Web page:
In terms of where your question may have been studied in current research, the issue of thermalization is obviously going to be a bigger issue in fields of physics when one is dealing with numbers of particles near the limits of validity of thermodynamics, so that's a sign that you might look for papers in the field of "cold atoms". See for example this 2001 paper by the group of Alain Aspect which carefully measures a "thermalization time" $\tau_{th}$ which they define via a Boltzmann equation-inspired model inspired by a theory paper of Luiten et al. These papers might be a good place to start to see how working physicists think about thermalization.

You frame your question in terms of "ideal gases" but as you'll notice from these papers, when you get down to numbers of particles and temperatures which are manageable directly in these experiments, quantum effects play a nontrivial role in the population dynamics. (It's also worth giving some thought to the following: how can an ideal gas equilibrate if the particles are defined not to interact with each other? Your answer will probably help you figure out better what exactly you're looking for.)

If you're more interested in what happens to a large number of "classical" particles and how they thermalize purely through collisions, this is fairly easy to simulate on the computer with molecular dynamics code, and then you can measure whatever you like with the computed particle trajectories. Of course this isn't strictly a physical "experiment" but it is in my opinion a real test of the kinetic theory predictions all the same.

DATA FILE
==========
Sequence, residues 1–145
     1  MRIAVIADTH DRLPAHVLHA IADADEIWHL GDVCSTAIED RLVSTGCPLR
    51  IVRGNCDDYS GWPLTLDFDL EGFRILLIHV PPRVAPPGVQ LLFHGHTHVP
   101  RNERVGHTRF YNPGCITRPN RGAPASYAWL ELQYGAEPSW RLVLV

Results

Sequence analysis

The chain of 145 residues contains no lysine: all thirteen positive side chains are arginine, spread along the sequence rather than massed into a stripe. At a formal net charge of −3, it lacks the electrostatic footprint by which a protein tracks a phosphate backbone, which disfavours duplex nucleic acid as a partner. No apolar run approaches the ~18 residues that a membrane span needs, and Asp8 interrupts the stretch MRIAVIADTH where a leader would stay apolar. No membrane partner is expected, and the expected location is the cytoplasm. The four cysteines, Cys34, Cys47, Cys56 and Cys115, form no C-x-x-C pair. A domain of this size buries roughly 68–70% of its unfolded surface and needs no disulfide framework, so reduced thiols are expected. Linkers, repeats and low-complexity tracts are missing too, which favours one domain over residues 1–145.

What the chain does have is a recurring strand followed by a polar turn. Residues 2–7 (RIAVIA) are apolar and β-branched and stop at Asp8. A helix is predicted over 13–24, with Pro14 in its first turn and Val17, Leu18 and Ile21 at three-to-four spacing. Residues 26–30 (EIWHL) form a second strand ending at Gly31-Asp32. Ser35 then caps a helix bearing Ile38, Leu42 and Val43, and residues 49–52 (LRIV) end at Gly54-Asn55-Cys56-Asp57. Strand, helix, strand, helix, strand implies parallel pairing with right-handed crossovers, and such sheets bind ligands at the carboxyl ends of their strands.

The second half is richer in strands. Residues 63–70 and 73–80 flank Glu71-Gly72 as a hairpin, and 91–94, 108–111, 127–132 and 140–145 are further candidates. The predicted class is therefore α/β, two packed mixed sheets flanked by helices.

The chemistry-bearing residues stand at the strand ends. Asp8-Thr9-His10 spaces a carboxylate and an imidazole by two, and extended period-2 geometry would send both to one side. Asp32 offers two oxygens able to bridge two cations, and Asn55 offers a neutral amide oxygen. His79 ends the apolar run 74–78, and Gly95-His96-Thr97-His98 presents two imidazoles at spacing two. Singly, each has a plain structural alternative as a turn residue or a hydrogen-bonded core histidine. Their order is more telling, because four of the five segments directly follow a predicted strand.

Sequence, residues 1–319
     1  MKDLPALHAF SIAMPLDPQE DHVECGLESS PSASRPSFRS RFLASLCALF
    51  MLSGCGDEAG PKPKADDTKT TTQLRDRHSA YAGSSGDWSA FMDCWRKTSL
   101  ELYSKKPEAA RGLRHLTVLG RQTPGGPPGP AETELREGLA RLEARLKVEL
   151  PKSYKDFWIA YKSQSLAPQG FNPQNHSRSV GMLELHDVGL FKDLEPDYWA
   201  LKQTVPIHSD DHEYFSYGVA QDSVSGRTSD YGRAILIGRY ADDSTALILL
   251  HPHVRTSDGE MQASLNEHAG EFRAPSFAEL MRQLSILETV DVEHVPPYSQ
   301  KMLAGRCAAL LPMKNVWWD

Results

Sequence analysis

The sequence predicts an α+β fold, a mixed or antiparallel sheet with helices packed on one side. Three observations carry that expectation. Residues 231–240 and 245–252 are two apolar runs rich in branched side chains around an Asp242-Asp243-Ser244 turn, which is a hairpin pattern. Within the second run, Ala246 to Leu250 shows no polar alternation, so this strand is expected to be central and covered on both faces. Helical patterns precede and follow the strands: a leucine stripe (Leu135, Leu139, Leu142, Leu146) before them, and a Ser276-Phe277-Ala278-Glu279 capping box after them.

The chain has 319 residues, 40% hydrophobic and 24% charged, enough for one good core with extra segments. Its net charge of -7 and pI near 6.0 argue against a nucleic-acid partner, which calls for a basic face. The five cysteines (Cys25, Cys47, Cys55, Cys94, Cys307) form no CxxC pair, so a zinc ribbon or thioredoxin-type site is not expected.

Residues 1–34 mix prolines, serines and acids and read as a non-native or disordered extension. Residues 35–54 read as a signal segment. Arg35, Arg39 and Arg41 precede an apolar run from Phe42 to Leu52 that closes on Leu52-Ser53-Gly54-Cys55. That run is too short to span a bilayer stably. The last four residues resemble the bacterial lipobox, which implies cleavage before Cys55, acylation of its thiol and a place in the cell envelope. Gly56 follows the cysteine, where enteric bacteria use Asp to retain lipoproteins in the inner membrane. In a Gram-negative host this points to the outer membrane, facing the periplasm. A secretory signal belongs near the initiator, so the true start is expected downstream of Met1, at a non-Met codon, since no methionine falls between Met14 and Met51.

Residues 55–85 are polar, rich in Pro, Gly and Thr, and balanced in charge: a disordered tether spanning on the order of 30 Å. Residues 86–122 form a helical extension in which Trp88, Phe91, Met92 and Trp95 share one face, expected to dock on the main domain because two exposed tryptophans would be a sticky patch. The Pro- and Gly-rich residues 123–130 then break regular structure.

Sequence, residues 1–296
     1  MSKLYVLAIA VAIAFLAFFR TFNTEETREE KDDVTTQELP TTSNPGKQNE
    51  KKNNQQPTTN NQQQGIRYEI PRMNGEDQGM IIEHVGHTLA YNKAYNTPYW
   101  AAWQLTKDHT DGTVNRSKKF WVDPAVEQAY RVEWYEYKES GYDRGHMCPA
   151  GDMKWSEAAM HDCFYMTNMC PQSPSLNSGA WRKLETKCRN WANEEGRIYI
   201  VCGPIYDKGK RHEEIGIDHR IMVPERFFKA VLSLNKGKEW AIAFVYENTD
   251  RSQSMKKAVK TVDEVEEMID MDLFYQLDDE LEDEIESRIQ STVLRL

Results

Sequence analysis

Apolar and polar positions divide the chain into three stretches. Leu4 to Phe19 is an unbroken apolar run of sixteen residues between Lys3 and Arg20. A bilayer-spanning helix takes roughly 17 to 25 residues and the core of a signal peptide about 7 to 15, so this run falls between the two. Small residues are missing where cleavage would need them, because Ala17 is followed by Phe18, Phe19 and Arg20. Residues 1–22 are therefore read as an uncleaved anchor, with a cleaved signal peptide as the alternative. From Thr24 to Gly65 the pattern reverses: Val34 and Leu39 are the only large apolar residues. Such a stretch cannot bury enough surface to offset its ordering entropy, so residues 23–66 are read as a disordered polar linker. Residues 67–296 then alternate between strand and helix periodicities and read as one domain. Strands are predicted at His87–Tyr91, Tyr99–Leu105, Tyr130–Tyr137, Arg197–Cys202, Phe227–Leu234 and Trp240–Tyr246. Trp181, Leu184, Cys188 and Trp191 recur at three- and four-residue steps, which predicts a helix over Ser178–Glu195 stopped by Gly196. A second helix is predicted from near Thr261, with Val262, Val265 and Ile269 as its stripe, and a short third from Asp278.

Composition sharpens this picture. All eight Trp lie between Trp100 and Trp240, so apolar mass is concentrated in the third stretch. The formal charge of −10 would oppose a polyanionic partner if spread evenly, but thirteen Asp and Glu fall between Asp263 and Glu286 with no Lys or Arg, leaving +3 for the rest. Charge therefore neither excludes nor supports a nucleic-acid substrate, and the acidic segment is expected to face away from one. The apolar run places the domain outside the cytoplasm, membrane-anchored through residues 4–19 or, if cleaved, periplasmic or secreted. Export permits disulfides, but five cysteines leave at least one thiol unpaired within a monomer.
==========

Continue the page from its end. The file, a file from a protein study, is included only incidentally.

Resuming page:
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I did some coding with molecular dynamics a few years ago, but that doesn't really solve it. You get to see the molecules scramble up, but the entropy doesn't increase. In fact, both classical and quantum mechanics a ruled by reversible laws (even if you include collision) and neither can explain why a box of particles would irreversibly converge to equilibrium (unless you include a non-deterministic term somewhere). And I'll start looking into the references, thanks. –  Bruce Connor Jan 16 '11 at 19:16
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I unfortunately don't have too much time to continue to research this question. I can give direction to you for your own research. I was somewhat intrigued by the question because the thrust of it is to imply that macroscopic physical laws are somehow invalid. To your point, classical laws do somewhat breakdown in the quantum regime do to phenomenon such as Bose-Einstein condensates: //cua.mit.edu/ketterle_group/popular_papers/physics%20today%20v2.pdf Which is obviously an area of active research.

However, in general your question can be alternatively be understood as a test of diffusivity governed by the Arrhenius equation. The Science and Engineering of Materials Second Edition by Donald Askelund, chapter 5 on the Atom Movement of Materials, discuss Arrehenius equation in the context of movement of defects and imperfections in materials. In the context provided though, one would assume that the vacuum surrounding an initial lump of gas as being a material (no I do not prescribe to aether, but this is a convenient assumption). So the question then is one of what the activation energy is to cause the atoms to move into the vacuum vs the potential energy available for such a reaction.

A quick look for test of the Arrhenius equation will reveal some intersting results.

As you move further into this question you find discussion on reaction and diffusivity: //www.scholarpedia.org/article/Reaction-diffusion_systems

There are multiple examples of diffusion theory underlying the processes used in several areas of technology. So I'm not sure about the context and intent of your question.